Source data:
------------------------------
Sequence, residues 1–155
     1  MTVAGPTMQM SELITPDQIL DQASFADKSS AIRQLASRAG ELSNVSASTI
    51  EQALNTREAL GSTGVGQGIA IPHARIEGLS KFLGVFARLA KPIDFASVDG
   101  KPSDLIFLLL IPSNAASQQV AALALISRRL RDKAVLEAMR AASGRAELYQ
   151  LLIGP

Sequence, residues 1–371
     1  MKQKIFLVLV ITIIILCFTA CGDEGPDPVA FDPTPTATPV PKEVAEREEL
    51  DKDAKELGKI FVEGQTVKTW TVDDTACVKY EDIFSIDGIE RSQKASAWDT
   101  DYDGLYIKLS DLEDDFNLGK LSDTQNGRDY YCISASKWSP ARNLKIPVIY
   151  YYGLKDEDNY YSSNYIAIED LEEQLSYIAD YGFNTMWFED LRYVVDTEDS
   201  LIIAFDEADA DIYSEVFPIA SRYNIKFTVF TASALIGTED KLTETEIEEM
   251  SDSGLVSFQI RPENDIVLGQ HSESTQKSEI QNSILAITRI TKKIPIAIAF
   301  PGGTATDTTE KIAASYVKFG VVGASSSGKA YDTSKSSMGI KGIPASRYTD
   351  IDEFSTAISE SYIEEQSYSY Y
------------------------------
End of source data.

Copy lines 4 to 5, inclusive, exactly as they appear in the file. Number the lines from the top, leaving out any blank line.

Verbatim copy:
   101  KPSDLIFLLL IPSNAASQQV AALALISRRL RDKAVLEAMR AASGRAELYQ
   151  LLIGP